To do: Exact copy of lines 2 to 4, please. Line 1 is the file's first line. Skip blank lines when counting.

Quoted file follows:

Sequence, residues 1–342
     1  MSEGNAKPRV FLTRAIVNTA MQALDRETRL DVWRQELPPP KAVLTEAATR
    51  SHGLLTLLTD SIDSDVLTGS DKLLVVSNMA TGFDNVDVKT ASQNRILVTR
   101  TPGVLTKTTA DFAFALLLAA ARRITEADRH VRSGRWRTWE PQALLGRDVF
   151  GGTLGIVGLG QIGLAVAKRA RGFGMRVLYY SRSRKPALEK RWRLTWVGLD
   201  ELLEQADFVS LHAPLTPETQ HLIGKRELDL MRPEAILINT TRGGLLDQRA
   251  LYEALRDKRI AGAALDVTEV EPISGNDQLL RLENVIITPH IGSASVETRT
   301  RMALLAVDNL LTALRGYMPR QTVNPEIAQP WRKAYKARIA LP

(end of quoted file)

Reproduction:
     1  MSEGNAKPRV FLTRAIVNTA MQALDRETRL DVWRQELPPP KAVLTEAATR
    51  SHGLLTLLTD SIDSDVLTGS DKLLVVSNMA TGFDNVDVKT ASQNRILVTR
   101  TPGVLTKTTA DFAFALLLAA ARRITEADRH VRSGRWRTWE PQALLGRDVF